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This is a terrible page. WTF is chambray? Shouldn't the opening paragraph tell me that? I know it's a fabric, but what is it? Ridiculous.
Isn't a Cambric shirt something you get buried in? linas 05:36, 1 November 2006 (UTC)
Cambric is much older than Monsieur Cambrai and therefore could not have been invented by him - this derivation must therefore be considered bogus.
The word appears as "cambre" in the online Anglo-Norman Dictionary with several meanings:
♦ hemp ♦ linen ♦ cambric (linen cloth)
The Anglo-Norman dictionary includes citations for its use in literature with these specific meanings, dating from the 12th century onwards. Cambre is derived from the town of Cambrai in France which was a main centre of production ('Webster's Collegiate Dictionary 1928 edition'). As with many terms for fabric, its meaning has changed over the centuries and the term later came to be applied to cotton cloth, which was an extremely rare commodity in the 12th century.
Ranulfus 09:52, 15 June 2007 (UTC)
Ranulfus, I think the "Jean-Baptiste Cambrai" is from a botched edit from November 14, 2005 (replacing "first used in Cambrai"). Whoever put that in must've meant Jean-Baptiste something-or-other in Cambrai, France.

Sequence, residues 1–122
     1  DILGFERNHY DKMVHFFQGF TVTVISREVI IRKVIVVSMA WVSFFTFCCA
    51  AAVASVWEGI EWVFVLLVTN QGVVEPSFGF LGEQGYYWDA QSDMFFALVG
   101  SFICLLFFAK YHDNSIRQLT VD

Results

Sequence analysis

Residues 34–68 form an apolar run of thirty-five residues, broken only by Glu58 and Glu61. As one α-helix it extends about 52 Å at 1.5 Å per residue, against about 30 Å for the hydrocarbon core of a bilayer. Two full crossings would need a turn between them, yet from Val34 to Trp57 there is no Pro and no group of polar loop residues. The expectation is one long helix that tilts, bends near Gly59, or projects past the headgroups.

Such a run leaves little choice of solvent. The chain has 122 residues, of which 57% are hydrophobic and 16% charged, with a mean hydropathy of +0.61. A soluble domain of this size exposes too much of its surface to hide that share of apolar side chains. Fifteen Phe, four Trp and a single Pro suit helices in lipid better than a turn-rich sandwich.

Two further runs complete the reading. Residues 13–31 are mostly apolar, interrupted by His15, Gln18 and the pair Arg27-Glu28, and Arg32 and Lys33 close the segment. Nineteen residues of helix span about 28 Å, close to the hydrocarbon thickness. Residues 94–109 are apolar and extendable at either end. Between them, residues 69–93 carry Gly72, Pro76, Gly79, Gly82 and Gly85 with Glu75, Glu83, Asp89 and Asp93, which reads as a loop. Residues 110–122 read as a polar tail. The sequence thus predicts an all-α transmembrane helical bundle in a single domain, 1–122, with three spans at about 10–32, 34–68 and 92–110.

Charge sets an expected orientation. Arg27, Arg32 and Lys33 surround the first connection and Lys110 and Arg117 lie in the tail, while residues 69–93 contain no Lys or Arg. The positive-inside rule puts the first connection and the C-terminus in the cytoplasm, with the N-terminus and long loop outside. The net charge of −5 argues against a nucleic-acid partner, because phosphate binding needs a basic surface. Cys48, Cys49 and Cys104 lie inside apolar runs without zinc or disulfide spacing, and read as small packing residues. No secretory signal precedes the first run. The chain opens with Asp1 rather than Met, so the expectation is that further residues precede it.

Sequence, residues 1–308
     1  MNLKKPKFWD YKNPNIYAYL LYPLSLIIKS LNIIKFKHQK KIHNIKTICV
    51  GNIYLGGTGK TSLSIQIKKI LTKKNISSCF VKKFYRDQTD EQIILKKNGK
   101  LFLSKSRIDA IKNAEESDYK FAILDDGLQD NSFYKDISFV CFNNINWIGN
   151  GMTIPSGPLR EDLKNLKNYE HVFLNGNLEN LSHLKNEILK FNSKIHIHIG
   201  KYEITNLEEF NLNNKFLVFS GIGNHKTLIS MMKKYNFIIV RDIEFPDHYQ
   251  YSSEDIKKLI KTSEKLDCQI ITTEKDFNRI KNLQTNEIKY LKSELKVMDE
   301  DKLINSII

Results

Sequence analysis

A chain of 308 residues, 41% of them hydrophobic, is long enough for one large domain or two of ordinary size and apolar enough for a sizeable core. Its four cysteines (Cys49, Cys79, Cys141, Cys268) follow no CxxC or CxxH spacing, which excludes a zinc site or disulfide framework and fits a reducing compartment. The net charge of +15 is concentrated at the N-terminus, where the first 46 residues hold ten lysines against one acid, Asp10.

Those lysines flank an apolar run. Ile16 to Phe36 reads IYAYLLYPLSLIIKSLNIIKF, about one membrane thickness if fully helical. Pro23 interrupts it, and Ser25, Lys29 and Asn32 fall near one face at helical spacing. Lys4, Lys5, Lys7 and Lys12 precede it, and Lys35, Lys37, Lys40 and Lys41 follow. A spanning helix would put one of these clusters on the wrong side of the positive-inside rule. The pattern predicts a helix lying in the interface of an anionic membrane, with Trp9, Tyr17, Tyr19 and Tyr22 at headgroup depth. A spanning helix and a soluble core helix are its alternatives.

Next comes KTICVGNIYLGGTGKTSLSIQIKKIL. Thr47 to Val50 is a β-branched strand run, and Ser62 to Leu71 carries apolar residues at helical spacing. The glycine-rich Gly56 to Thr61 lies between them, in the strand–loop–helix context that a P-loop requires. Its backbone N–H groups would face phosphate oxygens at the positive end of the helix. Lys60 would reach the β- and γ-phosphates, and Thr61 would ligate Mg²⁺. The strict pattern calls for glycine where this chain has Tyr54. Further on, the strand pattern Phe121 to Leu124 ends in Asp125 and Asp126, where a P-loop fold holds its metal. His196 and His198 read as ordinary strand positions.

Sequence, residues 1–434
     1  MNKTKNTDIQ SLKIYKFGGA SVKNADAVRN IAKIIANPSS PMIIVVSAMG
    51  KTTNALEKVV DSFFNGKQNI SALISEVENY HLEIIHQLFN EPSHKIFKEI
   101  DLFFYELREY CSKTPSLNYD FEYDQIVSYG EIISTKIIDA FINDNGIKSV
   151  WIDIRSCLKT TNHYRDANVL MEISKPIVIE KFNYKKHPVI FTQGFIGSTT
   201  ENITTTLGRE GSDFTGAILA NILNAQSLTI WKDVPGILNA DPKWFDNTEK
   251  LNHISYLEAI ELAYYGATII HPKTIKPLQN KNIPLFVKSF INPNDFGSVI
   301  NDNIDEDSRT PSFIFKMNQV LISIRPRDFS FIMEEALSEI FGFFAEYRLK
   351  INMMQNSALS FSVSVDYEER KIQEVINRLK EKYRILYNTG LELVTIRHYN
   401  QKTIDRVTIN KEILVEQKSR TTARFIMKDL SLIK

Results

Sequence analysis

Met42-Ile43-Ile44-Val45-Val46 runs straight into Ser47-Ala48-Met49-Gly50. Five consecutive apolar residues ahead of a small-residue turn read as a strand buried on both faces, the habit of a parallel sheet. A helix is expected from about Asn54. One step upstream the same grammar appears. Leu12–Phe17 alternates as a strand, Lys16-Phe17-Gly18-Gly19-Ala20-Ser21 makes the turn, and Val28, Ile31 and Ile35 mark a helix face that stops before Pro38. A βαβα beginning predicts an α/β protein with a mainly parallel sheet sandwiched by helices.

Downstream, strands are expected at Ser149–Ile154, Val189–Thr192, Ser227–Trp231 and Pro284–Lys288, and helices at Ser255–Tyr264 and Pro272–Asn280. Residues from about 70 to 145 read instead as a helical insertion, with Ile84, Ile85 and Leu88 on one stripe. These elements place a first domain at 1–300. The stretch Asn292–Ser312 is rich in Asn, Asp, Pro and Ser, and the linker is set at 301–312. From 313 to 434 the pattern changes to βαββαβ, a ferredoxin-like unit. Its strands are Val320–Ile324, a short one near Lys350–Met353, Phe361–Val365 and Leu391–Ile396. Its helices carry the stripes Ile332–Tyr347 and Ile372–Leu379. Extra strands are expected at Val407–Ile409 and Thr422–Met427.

- According to the French article his name is Baptiste Cambray, and he was born near Cambrai. Yves-Laurent (talk) 06:28, 8 August 2008 (UTC)
The French WP article «Batiste» treats batiste and cambric as synonyms. Therefore the two English articles on these topics should probably be merged.--Felix Folio Secundus (talk) 10:58, 1 October 2013 (UTC)
- I suggest merging Cambric into Batiste as Batiste is more used than Cambric. Some refs here. Cheers, — Racconish Tk 11:40, 1 October 2013 (UTC)
- For further discussion see here. The consensus is to keep the two articles separate.--Felix Folio Secundus (talk) 08:22, 3 October 2013 (UTC)
A drink for children, made of hot water, milk, sugar, and usually a small amount of tea. [So called because it is thin and white like cambric. ... Earliest reference I could find is from 1882's 'Ting-a-ling', but usage persists to the present, mostly in genre/period fiction. 188.8.131.52 (talk) 04:22, 13 December 2013 (UTC)